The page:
Bruce House - Southam Design


BRUCE HOUSEbrucehouse

Bruce House provides supportive housing and compassionate care to people living with HIV and AIDS in Ottawa. With a high demand for beds, a grant was received to add a large addition to the Evered residence.

In order to complete the project, seven design firms were asked to participate in the Bruce House Designer Showcase. Each of the honoured design firms was given a room in the house to design and build. All design, fixtures, fittings, finishes and materials were donated by our firm, suppliers and craftspeople. This bathroom was finished in Fall 2005.

The bathroom was required to be wheelchair accessible and was to be used by a number of residents. These were the only requirements given to us by our client, Bruce House. Our goal was to create an elegant, soothing, and sustainable design that the residents could enjoy for many years to come.

Many elements of this bathroom are made of green/sustainable materials, and where possible, non toxic materials have been used.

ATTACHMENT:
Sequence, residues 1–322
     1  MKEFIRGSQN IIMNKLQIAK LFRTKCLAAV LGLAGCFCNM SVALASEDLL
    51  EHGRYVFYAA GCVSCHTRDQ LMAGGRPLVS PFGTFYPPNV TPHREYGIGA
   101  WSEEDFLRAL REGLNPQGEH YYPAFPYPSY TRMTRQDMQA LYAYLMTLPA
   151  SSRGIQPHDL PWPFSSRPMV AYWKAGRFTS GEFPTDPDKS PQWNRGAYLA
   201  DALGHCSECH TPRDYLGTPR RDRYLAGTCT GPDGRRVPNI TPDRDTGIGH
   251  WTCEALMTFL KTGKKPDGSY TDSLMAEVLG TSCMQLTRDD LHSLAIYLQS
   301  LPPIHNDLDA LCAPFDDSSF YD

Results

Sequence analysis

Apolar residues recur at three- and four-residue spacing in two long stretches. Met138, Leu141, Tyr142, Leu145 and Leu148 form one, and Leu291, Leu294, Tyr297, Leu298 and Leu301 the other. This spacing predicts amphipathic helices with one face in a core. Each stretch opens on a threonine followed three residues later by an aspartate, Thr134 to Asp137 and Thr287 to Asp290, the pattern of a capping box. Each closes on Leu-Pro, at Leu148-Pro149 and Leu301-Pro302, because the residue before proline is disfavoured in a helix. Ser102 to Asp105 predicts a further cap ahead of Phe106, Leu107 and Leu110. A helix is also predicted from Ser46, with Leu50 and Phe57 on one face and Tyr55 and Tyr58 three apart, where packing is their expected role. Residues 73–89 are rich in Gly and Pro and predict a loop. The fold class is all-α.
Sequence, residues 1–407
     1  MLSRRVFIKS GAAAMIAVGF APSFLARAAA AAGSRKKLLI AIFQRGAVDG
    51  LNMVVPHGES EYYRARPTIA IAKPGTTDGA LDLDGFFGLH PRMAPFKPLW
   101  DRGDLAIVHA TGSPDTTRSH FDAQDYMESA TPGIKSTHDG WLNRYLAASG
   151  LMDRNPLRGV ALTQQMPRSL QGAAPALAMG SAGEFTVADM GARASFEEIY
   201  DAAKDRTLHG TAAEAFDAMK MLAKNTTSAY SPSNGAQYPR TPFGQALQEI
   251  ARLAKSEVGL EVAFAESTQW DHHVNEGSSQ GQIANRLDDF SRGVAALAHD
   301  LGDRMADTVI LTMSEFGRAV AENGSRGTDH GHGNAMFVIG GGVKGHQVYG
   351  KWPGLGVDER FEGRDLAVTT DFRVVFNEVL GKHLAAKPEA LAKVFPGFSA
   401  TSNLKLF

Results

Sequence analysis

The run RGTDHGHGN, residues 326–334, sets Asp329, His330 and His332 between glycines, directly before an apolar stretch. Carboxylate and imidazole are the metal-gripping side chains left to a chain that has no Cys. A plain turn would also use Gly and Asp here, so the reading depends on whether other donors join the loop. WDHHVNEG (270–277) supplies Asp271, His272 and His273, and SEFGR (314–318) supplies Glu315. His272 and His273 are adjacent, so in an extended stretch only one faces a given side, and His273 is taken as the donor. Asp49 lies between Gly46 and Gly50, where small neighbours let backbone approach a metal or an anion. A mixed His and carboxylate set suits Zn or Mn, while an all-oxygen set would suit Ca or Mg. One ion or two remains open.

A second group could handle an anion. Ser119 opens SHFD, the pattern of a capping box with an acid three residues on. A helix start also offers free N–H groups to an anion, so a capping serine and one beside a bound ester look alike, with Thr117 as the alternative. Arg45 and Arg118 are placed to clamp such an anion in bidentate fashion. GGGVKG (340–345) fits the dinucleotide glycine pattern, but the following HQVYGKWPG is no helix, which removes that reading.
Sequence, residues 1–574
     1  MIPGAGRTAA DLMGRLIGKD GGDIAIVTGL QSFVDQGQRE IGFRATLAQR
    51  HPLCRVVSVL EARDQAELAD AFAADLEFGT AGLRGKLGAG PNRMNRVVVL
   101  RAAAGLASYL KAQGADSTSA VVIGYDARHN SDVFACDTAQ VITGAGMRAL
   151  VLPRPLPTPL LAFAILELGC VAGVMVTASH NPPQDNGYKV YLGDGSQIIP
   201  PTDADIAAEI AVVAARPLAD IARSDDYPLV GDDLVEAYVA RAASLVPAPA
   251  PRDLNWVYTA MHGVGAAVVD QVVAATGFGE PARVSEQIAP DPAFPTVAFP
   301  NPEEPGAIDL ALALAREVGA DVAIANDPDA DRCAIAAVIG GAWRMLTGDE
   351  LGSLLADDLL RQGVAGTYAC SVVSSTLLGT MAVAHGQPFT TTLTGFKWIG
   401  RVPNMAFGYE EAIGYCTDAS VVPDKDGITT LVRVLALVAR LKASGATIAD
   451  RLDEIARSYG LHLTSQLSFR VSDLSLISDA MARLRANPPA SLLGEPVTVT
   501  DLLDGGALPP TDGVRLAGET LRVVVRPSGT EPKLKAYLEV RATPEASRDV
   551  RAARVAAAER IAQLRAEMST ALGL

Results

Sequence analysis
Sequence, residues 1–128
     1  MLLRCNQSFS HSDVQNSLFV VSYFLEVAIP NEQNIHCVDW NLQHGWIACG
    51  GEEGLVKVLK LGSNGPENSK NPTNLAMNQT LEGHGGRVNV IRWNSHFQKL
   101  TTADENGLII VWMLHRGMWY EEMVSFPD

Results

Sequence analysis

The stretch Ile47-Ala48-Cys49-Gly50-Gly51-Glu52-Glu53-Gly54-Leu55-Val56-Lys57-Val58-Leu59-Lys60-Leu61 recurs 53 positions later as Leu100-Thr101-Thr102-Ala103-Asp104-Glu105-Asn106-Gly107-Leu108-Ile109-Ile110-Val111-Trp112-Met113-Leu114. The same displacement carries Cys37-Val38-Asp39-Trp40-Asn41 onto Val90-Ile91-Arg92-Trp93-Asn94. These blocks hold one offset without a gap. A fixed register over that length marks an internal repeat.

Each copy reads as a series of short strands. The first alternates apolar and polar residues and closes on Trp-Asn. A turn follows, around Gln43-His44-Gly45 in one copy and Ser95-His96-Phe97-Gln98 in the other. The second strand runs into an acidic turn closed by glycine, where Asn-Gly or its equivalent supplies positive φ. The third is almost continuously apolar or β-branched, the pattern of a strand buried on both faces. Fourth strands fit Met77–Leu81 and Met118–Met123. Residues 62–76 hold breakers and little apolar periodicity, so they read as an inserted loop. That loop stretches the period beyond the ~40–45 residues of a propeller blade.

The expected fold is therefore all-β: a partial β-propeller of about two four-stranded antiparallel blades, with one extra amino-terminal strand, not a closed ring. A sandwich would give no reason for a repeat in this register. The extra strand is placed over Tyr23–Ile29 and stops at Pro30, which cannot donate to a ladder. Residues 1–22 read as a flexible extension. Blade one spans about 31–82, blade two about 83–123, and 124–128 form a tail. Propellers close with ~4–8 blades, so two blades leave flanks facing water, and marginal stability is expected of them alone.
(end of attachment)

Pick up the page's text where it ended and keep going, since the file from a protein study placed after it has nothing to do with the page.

A slab of tinted, polished concrete, a locally produced product, containing recycled materials, was a great stylish and sustainable option for the vanity. The mosaic tile extends wall to wall above the vanity where a large mirror floats, supported by concrete standoffs. The large square vessel sink centered on the concrete counter completes the vanity design.

Adjacent to the vanity three tall storage cabinets, make a very strong design statement. To minimize off-gassing, the cabinets were constructed of strawboard and finished in a very dark stain sealed with a clear lacquer. Each cabinet has two 3”x3” squares cut into the doors which, when backlit, add dramatic detail.

The walls are faux finished using two different techniques, and two contrasting colors, again to create a subtle visual statement.

A beautiful detail that adds to the elegance of the design is the addition of three 12”x42” custom glass art pieces. This art glass was created using recycled glass, and cast-offs that would otherwise be thrown out. The glass, like the mirror, floats in front of the wall and is supported by chrome standoffs.

PHOTO GALLERY

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Read our news article on the design project

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